Planning for both the short and long-term future in health and social care is vital. Allocating too many resources to a service can lead to waste and overspend, while under provision can lead to long waiting times and even the potential for loss of live. Future estimates of demand for a service are also useful in the designing of procurement contracts and logistical plans.
The advanced forecasting module builds upon the concepts and core ideas introduced in our introductory forecasting course whilst providing attendees with specialist knowledge of more rigorous forecasting techniques.
In particular, the module will cover how to use ARIMA models, the box-jenkins approach and various ensemble forecasting approaches to aid the health or social care planner produce forecasts in dynamically changing healthcare situations. Although it is not strictly necessary to have attended the introductory forecasting course, it is highly recommended that you have done so as this will enable you to get the best from the material covered.
- Understand the steps involved in the forecasting process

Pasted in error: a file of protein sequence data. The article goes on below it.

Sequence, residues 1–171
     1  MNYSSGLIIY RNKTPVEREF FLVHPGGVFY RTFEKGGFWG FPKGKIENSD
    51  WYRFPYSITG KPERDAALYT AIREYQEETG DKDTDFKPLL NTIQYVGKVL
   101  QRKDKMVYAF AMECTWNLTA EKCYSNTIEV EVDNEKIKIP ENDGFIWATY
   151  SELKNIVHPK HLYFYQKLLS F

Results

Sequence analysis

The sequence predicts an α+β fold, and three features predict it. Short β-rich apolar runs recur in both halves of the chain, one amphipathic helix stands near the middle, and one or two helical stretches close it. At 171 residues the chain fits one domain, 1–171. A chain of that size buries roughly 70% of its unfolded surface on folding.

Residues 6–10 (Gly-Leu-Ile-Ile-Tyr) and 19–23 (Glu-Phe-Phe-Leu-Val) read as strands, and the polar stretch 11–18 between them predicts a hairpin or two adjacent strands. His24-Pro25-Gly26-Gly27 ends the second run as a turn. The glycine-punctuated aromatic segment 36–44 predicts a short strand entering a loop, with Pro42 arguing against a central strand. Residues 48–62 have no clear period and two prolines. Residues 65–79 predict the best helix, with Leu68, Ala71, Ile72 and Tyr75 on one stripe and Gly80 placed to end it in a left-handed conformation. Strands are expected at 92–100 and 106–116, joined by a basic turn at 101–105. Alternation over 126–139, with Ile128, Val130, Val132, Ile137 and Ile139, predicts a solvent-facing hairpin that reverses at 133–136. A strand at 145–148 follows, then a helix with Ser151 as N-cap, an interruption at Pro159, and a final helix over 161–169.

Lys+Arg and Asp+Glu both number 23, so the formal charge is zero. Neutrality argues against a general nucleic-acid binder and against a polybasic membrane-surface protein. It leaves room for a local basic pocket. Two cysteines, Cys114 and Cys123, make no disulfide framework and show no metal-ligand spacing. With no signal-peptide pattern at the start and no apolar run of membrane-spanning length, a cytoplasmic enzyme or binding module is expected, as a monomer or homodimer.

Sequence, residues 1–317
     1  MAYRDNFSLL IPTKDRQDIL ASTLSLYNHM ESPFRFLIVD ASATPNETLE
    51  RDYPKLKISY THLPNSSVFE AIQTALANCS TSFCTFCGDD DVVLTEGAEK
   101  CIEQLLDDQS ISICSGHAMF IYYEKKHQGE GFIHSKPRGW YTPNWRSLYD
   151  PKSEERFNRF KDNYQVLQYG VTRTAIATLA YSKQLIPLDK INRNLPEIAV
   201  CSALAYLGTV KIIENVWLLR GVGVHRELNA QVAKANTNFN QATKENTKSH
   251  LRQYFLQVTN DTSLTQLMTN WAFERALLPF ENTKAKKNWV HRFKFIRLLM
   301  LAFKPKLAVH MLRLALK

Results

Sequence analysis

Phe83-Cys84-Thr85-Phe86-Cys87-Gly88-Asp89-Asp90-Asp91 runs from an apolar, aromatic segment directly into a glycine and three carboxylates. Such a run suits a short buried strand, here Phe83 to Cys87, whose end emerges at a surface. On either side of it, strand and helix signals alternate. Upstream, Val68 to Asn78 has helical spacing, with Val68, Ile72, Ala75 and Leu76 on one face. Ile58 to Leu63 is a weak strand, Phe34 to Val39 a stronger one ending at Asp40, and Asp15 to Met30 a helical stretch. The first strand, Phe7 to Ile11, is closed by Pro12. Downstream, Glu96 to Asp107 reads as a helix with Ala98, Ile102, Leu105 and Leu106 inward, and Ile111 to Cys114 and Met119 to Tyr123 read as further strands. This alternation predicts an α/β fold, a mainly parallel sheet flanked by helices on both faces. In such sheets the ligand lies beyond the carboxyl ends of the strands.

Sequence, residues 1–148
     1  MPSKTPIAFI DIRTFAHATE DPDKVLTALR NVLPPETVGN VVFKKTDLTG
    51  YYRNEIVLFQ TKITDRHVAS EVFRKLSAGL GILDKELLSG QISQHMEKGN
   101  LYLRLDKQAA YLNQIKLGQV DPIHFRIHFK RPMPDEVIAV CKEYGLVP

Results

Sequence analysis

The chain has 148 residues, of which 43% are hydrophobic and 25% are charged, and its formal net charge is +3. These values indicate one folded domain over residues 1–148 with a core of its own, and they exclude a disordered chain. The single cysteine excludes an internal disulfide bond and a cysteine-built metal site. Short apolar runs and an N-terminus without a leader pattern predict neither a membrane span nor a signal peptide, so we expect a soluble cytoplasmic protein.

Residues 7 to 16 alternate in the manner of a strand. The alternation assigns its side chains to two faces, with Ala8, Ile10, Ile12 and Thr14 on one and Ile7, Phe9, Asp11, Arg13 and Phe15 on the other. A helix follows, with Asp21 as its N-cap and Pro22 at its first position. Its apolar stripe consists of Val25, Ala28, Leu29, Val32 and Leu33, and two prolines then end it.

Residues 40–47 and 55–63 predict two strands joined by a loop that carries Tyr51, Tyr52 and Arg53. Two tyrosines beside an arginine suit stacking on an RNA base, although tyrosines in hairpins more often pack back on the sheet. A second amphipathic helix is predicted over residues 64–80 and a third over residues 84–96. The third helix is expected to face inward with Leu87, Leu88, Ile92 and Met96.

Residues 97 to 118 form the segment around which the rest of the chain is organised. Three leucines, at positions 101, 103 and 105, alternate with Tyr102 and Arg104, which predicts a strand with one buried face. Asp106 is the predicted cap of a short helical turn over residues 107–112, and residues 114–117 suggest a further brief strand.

- Appreciate the role of forecasting methods in strategic planning
- Understand and know which approaches are best suited to different types of forecasting problems.
- Demonstrate the ability use the ARIMA modelling framework to create time series forecasts
- To be able to apply the newly learnt approaches using R
- Gain practical experience of the R programming language
Who should attend?
The course is ideally suited to those that want to increase their understanding of forecasting methods and best practices, in particular when applied to problems arising in local health or government services. The course will therefore most interest those looking to deepen their knowledge of advanced forecasting techniques and their limitations.
The course is delivered in a face-to-face format using lectures and course materials to introduce and explain the various theoretical concepts. Later in the day, an afternoon session held in the computer labs will provide attendees with a chance to practice what they have learnt on industrial problems.
Overall in order to take part in this module, potential participants will need mathematical skills to include simple algebraic manipulation (GCSE grade B or better) and some understanding of basic statistical techniques.
Participants are encouraged to take this course in combination with the introductory course, otherwise a numerical background in finance, accounting, budgeting or purchasing is recommended to be able to get the most from the material.
Basic IT skills are required, e.g. use of excel spreadsheet.
The software required for this course includes Microsoft Excel 2007/2010 and R
Prof. Thierry Chaussalet or Philip Worrall:HSCMG@westminster.ac.uk
Tel: +44 (0)20 3506 4575